Bipartisan negotiators announced Tuesday that they had struck a deal to temporarily stabilize Obamacare markets. Republican Sen. Lamar Alexander, Tenn., agreed to continue paying “cost-sharing reduction” payments that the government promised insurance companies, and Democratic Sen. Patty Murray, Wash., agreed to relax health-market regulations a bit. Both sides of this deal contain good policy.
But House conservatives attacked it, and President Donald Trump, who initially sounded a favorable note, soon flip-flopped. House Speaker Paul Ryan, R-Wis., and Senate Majority Leader Mitch McConnell, R-Ky., face a test: Will they cower in the face of this irrational opposition, preventing their chambers even from voting on a plan that, polls indicate, would be broadly popular?
If they favor small government, they ought to like this deal. The Congressional Budget Office calculated that restricting the insurer payments would actually cost taxpayers $194 billion over a decade. Killing the deal, meanwhile, means the Republicans would get no major regulatory reforms unless they repealed Obamacare, which is no longer on the short-term agenda.
Contrary to Trump’s rhetoric, the payments are not bailouts, but reimbursements for subsidies that the government ordered insurance companies to offer low-income people. If the payments are not made, premiums would spike unnecessarily. Courts would eventually order the government to pay insurers, because the law requires it, which would force taxpayers to pay out even more in massive legal settlements.
The only coherent argument Republicans had against the cost-sharing payments is that Congress did not technically appropriate the money that was being distributed. The Alexander-Murray compromise would properly appropriate the funds.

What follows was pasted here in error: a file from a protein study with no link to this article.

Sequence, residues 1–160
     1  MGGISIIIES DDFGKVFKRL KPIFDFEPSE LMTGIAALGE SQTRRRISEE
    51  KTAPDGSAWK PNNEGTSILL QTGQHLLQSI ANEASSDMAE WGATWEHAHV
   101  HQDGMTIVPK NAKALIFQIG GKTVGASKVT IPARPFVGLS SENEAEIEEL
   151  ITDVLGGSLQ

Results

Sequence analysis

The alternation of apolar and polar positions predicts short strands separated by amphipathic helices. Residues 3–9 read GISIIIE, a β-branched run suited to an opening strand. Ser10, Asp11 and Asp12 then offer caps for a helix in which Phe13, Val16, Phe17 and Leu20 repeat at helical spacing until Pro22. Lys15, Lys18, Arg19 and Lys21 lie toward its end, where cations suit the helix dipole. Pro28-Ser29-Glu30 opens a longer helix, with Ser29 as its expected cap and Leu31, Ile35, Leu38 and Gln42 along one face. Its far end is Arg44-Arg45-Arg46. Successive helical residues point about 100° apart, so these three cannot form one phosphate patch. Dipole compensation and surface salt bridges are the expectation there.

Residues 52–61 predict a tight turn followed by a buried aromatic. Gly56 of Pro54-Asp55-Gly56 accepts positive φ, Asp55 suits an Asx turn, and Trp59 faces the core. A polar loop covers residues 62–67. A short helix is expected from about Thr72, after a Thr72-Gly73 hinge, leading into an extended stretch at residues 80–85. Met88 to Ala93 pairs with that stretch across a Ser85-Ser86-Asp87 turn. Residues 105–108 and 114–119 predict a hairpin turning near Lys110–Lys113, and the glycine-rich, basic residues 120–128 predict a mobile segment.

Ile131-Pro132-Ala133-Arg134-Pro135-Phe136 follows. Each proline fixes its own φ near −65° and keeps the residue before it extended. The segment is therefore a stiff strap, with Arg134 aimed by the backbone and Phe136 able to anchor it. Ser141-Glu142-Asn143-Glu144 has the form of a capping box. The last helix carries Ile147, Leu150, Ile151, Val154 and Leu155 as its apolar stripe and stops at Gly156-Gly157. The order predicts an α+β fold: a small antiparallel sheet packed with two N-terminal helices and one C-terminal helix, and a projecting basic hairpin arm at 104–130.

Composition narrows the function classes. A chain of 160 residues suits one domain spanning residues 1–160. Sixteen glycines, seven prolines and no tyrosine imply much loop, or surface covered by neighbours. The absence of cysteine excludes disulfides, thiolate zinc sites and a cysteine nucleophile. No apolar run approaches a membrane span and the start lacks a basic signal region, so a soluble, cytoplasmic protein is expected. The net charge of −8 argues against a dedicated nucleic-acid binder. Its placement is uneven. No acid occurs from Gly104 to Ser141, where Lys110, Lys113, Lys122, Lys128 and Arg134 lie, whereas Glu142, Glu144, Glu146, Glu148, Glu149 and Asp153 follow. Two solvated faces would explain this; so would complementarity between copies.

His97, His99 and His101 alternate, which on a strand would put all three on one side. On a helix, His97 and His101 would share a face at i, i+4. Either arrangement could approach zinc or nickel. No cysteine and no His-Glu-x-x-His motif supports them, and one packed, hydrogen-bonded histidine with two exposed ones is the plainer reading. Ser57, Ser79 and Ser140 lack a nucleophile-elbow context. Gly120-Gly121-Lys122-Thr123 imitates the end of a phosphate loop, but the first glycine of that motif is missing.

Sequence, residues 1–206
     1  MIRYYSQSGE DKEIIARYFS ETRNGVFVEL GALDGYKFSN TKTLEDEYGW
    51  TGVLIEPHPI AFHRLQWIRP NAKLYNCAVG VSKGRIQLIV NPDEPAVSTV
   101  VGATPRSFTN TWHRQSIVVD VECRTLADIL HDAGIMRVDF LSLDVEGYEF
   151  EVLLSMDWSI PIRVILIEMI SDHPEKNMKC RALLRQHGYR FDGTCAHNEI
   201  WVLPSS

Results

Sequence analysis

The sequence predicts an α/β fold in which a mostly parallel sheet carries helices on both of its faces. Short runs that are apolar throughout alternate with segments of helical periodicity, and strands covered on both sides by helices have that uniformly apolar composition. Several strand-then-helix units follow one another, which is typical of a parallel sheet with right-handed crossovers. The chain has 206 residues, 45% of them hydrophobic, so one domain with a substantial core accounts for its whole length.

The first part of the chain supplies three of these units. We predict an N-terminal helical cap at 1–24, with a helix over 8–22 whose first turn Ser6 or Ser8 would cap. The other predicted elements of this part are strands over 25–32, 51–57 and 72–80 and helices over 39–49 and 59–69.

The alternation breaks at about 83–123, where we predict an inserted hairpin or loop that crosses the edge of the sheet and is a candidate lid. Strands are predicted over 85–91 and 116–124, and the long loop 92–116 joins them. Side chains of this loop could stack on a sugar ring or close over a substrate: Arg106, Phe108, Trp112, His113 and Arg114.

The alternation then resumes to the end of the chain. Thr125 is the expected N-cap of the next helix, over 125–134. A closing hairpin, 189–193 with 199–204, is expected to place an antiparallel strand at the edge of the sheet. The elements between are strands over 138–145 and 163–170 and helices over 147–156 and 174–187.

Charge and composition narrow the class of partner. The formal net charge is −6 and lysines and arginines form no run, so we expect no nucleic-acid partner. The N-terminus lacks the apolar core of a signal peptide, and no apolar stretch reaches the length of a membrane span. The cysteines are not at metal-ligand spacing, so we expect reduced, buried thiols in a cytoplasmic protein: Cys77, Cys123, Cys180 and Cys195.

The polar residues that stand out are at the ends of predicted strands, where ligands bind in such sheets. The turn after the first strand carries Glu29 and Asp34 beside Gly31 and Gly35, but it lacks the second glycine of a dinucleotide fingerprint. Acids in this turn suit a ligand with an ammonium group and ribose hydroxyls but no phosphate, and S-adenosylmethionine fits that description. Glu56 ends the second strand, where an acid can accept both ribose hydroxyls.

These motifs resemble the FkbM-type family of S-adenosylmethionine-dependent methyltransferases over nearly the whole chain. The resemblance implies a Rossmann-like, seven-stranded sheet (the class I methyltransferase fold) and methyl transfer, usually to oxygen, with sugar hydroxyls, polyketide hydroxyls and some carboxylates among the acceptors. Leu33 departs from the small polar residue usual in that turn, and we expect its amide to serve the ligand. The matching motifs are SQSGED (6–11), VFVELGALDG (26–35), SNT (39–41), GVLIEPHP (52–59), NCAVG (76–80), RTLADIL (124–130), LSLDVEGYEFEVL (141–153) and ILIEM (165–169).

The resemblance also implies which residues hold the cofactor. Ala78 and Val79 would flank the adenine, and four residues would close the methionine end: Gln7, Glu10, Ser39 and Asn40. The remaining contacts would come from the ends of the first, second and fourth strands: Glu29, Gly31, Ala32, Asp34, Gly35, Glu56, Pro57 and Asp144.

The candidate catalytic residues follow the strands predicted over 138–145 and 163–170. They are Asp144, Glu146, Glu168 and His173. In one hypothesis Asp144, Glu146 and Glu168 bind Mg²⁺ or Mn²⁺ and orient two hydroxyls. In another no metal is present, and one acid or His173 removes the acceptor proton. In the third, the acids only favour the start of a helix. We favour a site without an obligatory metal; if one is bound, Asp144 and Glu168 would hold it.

Alexander points out that his compromise is about preventing chaos in health-care markets over the next couple of years, regardless of what Republicans decide to do to them after that. GOP repeal-and-replace bills contained similar provisions to temporarily stabilize the health-care system before it could be reshaped. Even Trump acknowledged that such a plan does not necessarily conflict with the long-term goal of reforming the health-care system.
Republicans, then, have acknowledged that the government can easily do more to stabilize the existing health-care system. Democrats should not have had to bargain for GOP cooperation. Yet they offered regulatory reforms anyway. Will Republicans really kill a plan that would buttress insurance markets and add more of the regulatory flexibility they have been demanding, without ending their dream of ripping up the Affordable Care Act?
Killing this deal would provide more evidence the GOP has become, as former Louisiana governor Bobby Jindal, R, once put it, the stupid party, simplistic in its policy views, cowardly in its fear of the base, toddler-like in the tantrums it throws when it does not get its way. It would also be a bad sign about the state of the U.S. political system. A moderate compromise struck by adults such as Alexander and Murray is the way Congress should work. Is that still possible?